The men belonging to the Shia militant organisation wielded knives, steel batons, and hurled rocks at anti-graft protesters, burning tents and destroying private property.
Far from merely being a homegrown armed militant group, Hezbollah has extended Iran’s influence into the diminutive Levantine state, allowing Tehran to reach the Mediterranean and to have one of its most potent proxies on Israel’s borders.
Incidentally, Hezbollah’s activities against Israel have been painted as being part of the broader “Axis of Resistance” and is frequently referenced by Hezbollah’s leader Hassan Nasrallah as a justification for the group’s violence in Lebanon, Syria, and even beyond. Lebanese protesters who have had enough of not only Hezbollah but also the other Sunni and Christian parties who have failed to achieve the nation’s aspirations are now at risk of being killed and maimed in the street simply for calling for reforms to what is clearly a corrupt system. Iran, however, cannot tolerate such a risk to a strategic asset such as its proxy Hezbollah and will not risk losing control of Lebanon due to the desires of the Lebanese people.
Similarly, in Iraq, it has already been well-documented via even Iran’s intelligence leaks how Tehran is the imperial power holding sway over affairs big and small in Baghdad. Iran’s control over Iraq’s affairs is so total that it has influence within the highest political and military offices of the land and can deploy its Islamic Revolutionary Guard Corps (IRGC) to Iraq without nary a whisper of refusal from Iraqi officials who are almost all invariably in Iran’s pocket.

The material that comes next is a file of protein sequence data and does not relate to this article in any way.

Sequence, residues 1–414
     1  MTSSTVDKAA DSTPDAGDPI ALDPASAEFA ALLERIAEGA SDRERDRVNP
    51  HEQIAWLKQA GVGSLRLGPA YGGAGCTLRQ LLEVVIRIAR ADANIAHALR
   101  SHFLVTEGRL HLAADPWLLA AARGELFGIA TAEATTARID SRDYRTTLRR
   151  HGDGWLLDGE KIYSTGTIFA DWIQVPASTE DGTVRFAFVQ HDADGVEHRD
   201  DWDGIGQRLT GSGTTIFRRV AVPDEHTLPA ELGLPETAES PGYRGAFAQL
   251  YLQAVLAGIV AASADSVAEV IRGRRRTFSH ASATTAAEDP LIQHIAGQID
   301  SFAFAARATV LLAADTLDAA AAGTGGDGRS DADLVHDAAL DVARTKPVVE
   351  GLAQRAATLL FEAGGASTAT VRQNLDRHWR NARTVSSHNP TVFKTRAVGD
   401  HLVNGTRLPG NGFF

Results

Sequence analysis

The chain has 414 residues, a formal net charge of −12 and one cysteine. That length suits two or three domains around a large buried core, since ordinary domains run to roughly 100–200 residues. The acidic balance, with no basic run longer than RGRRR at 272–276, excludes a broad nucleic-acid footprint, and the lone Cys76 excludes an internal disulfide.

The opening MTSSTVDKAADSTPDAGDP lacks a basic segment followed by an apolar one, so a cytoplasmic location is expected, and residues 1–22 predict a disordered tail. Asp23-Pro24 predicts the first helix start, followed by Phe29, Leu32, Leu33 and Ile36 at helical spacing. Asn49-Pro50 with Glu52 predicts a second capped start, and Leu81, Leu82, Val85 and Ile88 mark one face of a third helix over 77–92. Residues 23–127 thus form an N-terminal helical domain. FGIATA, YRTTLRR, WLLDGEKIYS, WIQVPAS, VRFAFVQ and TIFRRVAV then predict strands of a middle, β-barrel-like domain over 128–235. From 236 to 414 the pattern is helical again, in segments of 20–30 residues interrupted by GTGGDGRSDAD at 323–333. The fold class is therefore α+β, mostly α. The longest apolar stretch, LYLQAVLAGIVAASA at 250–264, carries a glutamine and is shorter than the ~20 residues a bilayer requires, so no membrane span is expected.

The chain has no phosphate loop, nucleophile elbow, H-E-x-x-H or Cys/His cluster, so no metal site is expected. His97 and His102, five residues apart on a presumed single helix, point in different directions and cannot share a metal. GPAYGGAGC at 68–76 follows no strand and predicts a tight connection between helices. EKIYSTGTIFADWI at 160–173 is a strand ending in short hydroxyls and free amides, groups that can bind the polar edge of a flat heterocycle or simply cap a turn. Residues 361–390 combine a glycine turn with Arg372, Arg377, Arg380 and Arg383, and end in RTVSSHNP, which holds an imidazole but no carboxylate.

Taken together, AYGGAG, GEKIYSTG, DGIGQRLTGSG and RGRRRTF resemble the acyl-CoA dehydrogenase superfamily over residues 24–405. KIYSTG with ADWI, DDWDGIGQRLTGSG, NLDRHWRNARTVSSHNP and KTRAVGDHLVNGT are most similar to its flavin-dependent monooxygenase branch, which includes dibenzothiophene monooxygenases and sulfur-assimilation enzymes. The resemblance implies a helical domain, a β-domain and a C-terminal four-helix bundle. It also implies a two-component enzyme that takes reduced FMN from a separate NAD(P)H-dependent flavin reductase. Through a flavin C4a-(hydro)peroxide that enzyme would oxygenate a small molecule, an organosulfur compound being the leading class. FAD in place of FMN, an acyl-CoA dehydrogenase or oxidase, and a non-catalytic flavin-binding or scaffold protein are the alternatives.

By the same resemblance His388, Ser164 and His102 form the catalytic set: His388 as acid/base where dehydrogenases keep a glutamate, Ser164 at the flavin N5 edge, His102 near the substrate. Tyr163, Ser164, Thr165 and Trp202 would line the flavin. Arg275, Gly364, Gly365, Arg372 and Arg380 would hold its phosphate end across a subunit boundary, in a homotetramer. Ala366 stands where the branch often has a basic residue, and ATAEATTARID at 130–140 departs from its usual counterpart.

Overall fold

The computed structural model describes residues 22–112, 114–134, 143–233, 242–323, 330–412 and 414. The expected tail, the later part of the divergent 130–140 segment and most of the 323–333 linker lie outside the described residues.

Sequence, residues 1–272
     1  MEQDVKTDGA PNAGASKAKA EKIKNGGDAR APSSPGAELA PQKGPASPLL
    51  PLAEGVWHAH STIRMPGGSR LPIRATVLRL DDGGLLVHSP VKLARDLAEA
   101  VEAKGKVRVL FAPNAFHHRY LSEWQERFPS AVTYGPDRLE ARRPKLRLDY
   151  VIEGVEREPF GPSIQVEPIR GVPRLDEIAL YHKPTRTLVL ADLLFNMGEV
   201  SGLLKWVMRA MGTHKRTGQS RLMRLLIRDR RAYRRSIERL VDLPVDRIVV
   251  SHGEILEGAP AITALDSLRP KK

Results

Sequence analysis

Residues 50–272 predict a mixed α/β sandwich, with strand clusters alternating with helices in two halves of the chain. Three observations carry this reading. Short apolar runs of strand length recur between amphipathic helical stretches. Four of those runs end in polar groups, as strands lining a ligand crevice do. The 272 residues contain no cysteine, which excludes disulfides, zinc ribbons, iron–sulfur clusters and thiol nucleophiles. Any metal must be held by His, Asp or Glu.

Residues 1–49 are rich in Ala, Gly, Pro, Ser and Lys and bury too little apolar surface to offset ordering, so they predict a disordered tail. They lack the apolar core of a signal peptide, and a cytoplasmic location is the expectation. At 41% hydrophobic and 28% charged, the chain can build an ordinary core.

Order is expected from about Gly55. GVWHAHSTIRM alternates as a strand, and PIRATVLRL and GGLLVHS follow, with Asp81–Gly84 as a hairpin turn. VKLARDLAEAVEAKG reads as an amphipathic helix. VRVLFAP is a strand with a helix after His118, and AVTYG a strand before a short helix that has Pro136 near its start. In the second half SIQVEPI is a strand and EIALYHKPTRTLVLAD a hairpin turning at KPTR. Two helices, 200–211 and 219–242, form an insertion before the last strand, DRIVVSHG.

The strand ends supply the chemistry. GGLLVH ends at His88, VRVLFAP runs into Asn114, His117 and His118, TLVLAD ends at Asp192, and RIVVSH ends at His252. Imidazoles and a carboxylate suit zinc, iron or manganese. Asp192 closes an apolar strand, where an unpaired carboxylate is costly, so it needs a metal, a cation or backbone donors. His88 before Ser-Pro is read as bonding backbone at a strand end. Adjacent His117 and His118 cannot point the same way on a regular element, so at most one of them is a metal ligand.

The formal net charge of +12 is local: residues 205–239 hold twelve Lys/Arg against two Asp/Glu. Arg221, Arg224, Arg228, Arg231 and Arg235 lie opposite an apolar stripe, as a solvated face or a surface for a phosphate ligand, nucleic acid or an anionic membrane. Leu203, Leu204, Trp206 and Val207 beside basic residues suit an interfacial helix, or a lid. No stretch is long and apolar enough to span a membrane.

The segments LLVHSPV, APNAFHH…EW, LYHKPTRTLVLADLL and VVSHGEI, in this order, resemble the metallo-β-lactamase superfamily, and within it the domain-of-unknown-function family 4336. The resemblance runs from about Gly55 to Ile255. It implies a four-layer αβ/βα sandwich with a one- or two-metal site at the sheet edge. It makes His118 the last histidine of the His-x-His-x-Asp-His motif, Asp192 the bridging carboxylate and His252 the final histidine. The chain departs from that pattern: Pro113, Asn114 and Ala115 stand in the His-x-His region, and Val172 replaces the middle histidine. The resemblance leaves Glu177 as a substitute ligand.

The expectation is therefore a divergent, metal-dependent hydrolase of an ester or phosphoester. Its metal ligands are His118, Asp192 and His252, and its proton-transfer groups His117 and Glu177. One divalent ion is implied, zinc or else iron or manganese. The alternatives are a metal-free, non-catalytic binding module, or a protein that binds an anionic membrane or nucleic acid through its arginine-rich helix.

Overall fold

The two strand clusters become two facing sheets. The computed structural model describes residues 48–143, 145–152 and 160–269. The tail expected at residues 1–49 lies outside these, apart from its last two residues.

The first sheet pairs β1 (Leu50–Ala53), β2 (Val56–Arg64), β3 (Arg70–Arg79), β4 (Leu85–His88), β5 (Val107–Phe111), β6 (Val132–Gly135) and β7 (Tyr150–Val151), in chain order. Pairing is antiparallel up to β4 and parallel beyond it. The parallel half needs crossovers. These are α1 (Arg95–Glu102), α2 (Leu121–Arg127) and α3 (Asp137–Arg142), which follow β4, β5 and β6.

Protests in Iraq, which are now in their second month, are thus seen as a deadly threat to Iranian imperial control over perhaps its most prized colonial possession.
Iraq has acted as a hub for Iran’s power extension across the region, and any threat to its proxies and puppet politicians, therefore, represents a threat to Iran’s ability to continue to exert power through its tragedy-stricken western neighbour. The evidence now shows that Iranian proxies have actively deployed snipers to kill protesters and all for the sake of maintaining the status quo at the expense of the Iraqi people and the nation’s sovereignty.
This fresh wave of protests engulfing Iraq, Lebanon, and now even Iran are demonstrative of a domestic and regional pushback against the destructive policies of the Islamic Republic. They have not only spent vast amounts of treasure in support of their imperial designs that has impoverished the Iranian people, but they have also presided over a campaign of repression that starts in Tehran, flows over Baghdad, and ends in Beirut.
Such a state of affairs cannot continue, and Iran is now beginning to see what happens when you keep people downtrodden and in an undignified state for too long with no hope other than the revolt of restoring their dignity.
If Iran’s leadership can’t even tolerate dissent in its spheres influence, then what hope do reformers in Iran have?